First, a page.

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Small Business Briefing

8 in 10 British kids want to become entrepreneurs: survey Add to ...

The latest news and information for entrepreneurs from across the web universe, brought to you by the Report on Small Business team. Follow us on Twitter @GlobeSmallBiz

Doctor, lawyer, astronaut...entrepreneur

Nearly eight in 10 -- 77 per cent -- of British kids one day want to start their own businesses. And nearly half -- 47 per cent - said they have always wanted to be their own boss, a survey has found.

The poll of 2,000 kids aged 11 to 18 was conducted to support the Ambition AXA Awards, launched by AXA UK, part of insurance and asset management company AXA Group. It will hand out prizes totalling £200,000 to five young British talents picked in enterprise, science, community, sport and the arts. Applications close in October and winners will be announced at the end of November.

The survey also found that entrepreneurial ambition was nearly even between the sexes, with 75 per cent of female respondents saying they wanted to run their own business in the future, and 80 per cent of male respondents saying the same.

Watching TV shows such as Dragon's Den and The Apprentice, as well as seeing the success of online businesses such as Facebook, Twitter and Skype may be helping to spark some of the entrepreneurial enthusiasm, the press release about the survey suggested. About 22 per cent of the kids who answered said they hoped to pursue online, digital or IT businesses.

And the kids lacking dreams to become entrepreneurs? Of the quarter who said they didn't want to become entrepeneurs, 40 per cent said they were worried about finding startup money, 38 per cent were put off by the risk of failure and 17 blamed a lack of confidence, the survey found.

Avon model lights up Africa's female entrepreneurs

Selling cosmetics door-to-door worked for Avon, and now a former investment banker is borrowing the model to help African women become entrepreneurs, a story in FastCompany.com relates.

The non-profit Solar Sister supplied 107 entrepreneurs in Uganda, Sudan and Rwanda with a $500 "business in a bag" to help launch businesses selling solar lamps door to door.

Selling solar lamps to the poor, the story says, is one way of illuminating some of the homes of the billions of people worldwide who lack electricity.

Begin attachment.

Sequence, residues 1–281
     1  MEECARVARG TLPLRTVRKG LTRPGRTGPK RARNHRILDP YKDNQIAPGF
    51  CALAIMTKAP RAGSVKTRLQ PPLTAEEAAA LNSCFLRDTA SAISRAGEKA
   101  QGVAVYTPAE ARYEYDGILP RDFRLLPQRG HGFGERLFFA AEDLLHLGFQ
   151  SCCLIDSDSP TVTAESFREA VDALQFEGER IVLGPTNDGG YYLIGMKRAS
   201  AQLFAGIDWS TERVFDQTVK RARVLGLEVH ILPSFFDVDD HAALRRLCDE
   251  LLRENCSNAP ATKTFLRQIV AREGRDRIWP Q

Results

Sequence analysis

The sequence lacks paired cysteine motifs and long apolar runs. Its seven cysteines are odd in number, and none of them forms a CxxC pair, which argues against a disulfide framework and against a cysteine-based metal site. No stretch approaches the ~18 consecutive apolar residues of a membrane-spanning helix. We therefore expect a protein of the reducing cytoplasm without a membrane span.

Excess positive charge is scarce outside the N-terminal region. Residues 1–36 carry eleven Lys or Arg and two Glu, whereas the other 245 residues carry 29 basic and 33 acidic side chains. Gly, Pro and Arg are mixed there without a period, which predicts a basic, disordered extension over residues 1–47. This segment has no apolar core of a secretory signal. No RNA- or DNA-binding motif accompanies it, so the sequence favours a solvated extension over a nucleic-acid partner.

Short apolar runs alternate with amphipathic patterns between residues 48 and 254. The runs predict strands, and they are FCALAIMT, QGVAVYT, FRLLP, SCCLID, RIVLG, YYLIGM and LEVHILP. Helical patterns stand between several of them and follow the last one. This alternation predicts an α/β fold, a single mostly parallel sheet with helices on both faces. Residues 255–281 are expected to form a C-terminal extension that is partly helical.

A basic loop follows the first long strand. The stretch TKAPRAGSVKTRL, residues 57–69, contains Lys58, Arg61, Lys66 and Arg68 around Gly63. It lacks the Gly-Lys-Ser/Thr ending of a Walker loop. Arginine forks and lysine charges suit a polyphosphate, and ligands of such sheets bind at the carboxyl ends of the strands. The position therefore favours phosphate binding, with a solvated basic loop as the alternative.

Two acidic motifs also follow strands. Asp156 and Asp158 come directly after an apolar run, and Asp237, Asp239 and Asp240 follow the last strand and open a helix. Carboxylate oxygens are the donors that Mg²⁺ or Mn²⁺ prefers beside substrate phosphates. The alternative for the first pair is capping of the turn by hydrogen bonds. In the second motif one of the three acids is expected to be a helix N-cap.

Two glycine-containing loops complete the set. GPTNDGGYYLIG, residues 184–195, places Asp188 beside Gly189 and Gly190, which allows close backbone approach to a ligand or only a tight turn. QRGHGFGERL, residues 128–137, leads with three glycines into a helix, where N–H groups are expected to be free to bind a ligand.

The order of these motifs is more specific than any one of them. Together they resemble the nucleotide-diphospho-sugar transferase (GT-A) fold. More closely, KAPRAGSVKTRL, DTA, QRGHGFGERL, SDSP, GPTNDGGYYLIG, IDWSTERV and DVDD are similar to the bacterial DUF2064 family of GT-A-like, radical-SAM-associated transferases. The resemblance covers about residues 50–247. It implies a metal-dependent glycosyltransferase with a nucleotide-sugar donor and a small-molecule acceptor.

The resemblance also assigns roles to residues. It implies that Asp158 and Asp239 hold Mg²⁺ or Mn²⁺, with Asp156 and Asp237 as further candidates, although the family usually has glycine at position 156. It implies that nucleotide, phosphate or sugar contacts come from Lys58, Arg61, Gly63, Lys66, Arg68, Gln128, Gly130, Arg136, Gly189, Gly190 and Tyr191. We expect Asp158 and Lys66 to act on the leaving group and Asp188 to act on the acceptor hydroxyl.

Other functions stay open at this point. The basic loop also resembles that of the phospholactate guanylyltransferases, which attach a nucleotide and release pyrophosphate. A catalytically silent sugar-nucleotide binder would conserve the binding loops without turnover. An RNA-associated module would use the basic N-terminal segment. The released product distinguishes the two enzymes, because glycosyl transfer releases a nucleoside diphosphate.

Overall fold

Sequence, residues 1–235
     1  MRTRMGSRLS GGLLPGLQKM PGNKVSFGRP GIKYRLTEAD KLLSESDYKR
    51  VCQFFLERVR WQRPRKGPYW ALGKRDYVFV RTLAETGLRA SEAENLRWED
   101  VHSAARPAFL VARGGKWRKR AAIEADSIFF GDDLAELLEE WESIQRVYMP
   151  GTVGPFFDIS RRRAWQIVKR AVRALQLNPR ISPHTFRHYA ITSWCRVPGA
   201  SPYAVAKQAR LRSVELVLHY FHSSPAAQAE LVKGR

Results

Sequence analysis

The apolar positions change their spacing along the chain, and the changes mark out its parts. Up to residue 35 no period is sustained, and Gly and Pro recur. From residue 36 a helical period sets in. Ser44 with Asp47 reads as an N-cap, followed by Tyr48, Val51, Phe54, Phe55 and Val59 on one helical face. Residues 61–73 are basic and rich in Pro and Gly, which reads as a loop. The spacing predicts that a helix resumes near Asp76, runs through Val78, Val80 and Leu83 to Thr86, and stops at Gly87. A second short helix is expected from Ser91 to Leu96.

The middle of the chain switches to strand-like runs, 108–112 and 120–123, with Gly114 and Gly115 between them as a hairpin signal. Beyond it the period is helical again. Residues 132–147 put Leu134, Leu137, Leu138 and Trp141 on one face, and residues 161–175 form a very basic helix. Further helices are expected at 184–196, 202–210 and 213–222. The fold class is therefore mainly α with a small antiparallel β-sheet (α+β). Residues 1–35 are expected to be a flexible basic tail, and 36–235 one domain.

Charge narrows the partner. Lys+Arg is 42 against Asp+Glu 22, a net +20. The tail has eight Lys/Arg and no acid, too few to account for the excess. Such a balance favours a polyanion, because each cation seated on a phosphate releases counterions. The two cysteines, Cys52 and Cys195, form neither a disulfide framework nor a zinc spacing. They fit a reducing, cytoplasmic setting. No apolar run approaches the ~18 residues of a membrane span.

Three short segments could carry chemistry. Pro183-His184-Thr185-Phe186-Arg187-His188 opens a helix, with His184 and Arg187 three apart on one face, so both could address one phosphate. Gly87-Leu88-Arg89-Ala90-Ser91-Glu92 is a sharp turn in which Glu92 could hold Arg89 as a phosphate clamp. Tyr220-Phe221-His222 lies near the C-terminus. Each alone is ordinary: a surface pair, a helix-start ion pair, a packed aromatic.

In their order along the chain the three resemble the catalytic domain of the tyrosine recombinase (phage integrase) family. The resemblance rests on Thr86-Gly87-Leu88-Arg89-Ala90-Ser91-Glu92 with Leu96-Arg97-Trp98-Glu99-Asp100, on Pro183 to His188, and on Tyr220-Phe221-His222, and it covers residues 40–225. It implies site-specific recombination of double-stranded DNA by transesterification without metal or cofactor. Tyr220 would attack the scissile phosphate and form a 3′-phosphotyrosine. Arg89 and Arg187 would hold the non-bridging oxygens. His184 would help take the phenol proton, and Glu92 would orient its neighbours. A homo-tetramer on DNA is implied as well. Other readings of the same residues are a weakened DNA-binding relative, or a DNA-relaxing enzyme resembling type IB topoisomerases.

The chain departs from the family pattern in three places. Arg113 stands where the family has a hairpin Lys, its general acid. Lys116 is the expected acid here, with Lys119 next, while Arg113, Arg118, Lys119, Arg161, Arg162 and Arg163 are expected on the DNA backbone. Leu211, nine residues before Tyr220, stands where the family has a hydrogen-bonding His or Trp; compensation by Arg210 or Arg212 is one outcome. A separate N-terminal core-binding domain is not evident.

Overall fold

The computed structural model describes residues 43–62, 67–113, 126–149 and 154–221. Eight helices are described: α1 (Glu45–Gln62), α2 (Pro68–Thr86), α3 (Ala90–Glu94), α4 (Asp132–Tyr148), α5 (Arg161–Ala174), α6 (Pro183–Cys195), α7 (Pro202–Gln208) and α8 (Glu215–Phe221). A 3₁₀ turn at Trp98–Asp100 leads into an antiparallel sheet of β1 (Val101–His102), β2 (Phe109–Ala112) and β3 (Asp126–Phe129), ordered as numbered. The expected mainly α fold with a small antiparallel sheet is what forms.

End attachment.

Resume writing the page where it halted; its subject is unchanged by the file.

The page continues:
It's also a way of giving some economic power to women living in these places. As Solar Sister's site says, it aims to "eradicates energy poverty by empowering women with economic opportunity. We combine the breakthrough potential of solar technology with a deliberately woman-centered direct sales network to bring light, hope and opportunity to even the most remote communities in rural Africa."

Create buzz for your business

Looking for ways to bring some attention to your business? Here, Ramon Ray, self-described editor and tech evangelist, offers five strategies. They include: Create a contest; produce an event; volunteer your time; train customers; and, conduct a research study.

EVENTS AND KEY DATES

Nominations are open for the sixth annual MISTIC ( Mid-Island Science, Technology and Innovation Council) Innovation Awards, which aim to recognize achievements throughout Vancouver Island, the Sunshine Coast and the Gulf Islands for science and technology innovations. There are a dozen award categories. Nominations must be in by Sept. 9; winners will be announced on Nov. 2.

EDITOR'S PICKS FROM REPORT ON SMALL BUSINESS

Contest wins bring more than prizes

Speaking of contests, a lot of them are targeted to small businesses, writes columnist Mia Pearson, raising the question of whether they are worthwhile.

For her, the answer is an unequivocal yes. Advertising is no longer the way to build credibility for a product or service, she says; after all, she writes, anyone can buy an ad, but snappy jingles and catch taglines don't sway customers as effectively as they used to.

Instead, she says, contests are a way to go, not just for the prizes but also for the exposure, promotional punch and credibility that winning them brings.

FROM THE ROSB ARCHIVES

Summer fun: working for mom or dad

One way to kickstart early entrepreneurial ambition may be to put kids to work at their parents' small businesses. We recently ran a piece about small business owners who are employing their children for the summer school break, hoping to introduce them to the family business, let them learn a few lessons about entrepreneurship, and earn a little dough in the process.

And for further inspiration about making childhood dreams about careers come true, last July we ran a story about Canadian astronaut Julie Payette, who aspired to drive the space buggy after watching the Apollo moon missions at her Montreal primary school.

Got a tip on news, events or other timely information related to the small-business community? E-mail us at yourbusiness@globeandmail.com

Join The Globe's Small Business LinkedIn group to network with other entrepreneurs and to discuss topical issues: http://linkd.in/jWWdzT

 

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